Think about what the world needs written, not so much what the writer needs to write.Steve Pavlina
What do you need to hear tonight dear reader? Before I read this quote from Steve Pavlina’s newsletter I was thinking about what I wanted to write about. Maybe a post about my internal feelings or reactions to today’s gray wet day and how I pulled myself out of a funk by reading a poem (and that is something I like to do and actually works), but you might only find it momentarily interesting and maybe it’s not what you really need to read. I think there is a saying that goes something like, “If you want to be entertaining, talk about you; if you want to be charming, get people to talk about themselves.” Dear reader, in this communication format I am not allowing you to talk about yourself, so I can only guess what you might say or need. I’ll try to be charming and pretend you have been talking about yourself.
For the most part my readers are teachers, so I will project that you reader are in need of a break from this new remote learning format. You need relief from not knowing what August will bring. Let’s pretend you said that. What can I write that could help you feel less overwhelmed and take away some anxiety? If I could write like Louisa May Alcott, I would write about how a teacher hero led her colleagues to sanity through some cool work/life balance options. Teachers with little kids get to partner up with a teacher who doesn’t have little kids and they work as one teacher and get paid as two. I know, Alcott did not write science fiction. Of course this teacher hero would also have awesome friends like Kelly Gallagher and Penny Kittle. They would produce and act in Kwanzaa plays (instead of Christmas plays like in Little Women) over Zoom.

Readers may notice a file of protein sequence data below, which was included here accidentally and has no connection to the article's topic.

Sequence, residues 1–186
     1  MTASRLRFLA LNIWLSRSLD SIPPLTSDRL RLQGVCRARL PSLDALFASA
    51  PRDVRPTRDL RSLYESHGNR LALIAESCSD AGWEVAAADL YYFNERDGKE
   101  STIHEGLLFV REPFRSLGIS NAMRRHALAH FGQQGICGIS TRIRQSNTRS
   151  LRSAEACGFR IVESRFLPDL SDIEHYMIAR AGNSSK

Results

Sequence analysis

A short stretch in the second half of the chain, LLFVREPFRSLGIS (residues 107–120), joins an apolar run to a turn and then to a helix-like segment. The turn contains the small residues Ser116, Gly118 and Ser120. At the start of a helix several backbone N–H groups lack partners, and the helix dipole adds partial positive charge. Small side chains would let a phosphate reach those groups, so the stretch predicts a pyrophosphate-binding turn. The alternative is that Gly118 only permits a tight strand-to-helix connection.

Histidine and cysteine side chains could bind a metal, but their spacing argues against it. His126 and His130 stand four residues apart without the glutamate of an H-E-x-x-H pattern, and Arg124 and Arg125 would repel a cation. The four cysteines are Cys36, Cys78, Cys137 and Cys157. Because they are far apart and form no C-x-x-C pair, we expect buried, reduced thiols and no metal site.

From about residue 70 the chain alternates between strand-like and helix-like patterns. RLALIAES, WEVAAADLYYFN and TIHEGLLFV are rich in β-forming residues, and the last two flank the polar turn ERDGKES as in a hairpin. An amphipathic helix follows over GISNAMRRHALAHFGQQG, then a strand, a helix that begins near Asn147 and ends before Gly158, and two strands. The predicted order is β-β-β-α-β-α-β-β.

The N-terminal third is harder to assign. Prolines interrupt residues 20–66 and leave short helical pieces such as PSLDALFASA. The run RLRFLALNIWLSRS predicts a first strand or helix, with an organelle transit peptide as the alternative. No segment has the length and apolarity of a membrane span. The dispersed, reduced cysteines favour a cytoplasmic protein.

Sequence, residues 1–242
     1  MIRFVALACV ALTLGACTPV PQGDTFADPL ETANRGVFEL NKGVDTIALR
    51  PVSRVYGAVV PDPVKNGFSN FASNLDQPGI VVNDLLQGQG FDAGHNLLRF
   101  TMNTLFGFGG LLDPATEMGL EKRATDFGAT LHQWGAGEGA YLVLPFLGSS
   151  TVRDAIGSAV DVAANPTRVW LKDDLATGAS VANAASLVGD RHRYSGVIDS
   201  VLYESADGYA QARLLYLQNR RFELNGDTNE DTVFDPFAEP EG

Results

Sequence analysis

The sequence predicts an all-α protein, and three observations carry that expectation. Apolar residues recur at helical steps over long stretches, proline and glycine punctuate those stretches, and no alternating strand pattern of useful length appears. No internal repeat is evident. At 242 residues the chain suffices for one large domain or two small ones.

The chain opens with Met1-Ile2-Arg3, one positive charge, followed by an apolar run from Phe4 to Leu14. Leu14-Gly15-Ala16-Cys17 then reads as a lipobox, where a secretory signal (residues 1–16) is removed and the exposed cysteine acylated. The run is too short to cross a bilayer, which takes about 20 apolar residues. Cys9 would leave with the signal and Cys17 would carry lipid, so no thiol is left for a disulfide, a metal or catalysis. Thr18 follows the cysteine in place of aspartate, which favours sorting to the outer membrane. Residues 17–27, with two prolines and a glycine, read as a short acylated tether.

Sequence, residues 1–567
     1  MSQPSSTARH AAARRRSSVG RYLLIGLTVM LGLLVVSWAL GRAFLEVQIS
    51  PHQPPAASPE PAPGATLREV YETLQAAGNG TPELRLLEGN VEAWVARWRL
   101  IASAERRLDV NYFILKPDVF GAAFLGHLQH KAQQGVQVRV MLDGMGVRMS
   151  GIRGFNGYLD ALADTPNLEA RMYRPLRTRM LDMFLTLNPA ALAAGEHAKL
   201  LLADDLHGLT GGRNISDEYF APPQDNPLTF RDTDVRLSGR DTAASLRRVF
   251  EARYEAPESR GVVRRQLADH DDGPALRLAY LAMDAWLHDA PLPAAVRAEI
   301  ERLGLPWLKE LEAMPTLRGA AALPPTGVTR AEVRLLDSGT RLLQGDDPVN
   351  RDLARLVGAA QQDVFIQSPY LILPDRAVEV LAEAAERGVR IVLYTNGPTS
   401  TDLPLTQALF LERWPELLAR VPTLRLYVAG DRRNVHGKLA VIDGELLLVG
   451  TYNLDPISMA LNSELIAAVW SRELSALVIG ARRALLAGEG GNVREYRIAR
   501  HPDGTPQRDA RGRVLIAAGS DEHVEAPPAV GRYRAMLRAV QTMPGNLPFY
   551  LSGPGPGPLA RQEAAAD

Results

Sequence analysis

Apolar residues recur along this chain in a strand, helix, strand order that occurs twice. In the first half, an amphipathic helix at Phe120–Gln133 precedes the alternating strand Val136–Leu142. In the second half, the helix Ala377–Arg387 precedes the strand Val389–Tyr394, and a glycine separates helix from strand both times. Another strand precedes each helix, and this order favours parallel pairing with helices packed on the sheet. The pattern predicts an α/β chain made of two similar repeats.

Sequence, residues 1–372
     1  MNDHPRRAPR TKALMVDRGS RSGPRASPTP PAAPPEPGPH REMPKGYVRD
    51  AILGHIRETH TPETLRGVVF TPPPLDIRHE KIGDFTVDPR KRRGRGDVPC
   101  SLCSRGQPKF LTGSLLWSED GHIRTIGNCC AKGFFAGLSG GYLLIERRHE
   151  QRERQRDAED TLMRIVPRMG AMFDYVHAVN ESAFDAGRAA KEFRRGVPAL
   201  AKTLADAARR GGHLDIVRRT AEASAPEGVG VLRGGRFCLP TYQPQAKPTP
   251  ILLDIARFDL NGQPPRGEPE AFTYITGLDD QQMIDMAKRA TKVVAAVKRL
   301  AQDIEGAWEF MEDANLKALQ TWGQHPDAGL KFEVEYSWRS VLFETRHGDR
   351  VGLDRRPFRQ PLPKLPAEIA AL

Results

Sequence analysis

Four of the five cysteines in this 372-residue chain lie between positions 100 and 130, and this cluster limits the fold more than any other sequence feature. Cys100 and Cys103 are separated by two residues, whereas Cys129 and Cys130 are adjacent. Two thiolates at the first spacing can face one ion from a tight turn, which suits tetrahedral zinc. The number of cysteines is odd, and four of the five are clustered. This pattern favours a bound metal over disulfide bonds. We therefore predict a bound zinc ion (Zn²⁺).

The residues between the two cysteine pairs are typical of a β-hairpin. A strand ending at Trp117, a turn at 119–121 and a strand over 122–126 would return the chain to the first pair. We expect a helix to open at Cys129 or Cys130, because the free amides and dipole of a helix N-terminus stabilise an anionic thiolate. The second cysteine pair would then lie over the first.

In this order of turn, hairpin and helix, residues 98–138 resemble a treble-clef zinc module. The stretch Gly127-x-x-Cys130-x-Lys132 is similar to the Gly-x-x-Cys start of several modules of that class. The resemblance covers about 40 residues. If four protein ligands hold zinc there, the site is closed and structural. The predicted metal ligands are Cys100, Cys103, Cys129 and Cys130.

What else might you say? Maybe you have anxiety on how to do a lockdown and then exit the lockdown in a socially accepted way. Another woman writer I might try to replicate from the past to help guide you could be Laura Ingalls Wilder. (I picked her because just like the previous author I mentioned she also has three names which provides consistency and routine. You like that, right?) If I wrote like Wilder, the teacher/hero would be brave and overcome a constant barrage of political poison much like Wilder surviving the long winter’s unrelenting sequence of blizzards. As Wilder constantly twisted hay into small logs to feed the fire so her family wouldn’t freeze to death, my teacher hero would refuse to ogle the constant feed of negativity coming from social media.
I must admit I had planned on writing about me in this post. That it was a gray day and I was in a funk, except I hadn’t read a poem yet. I did read Steve Pavlina’s post though, and I took his suggestion and stepped away from my self-absorbtion and focused on you dear reader. Thank you for bringing me out of my funk and I hope you found me charming.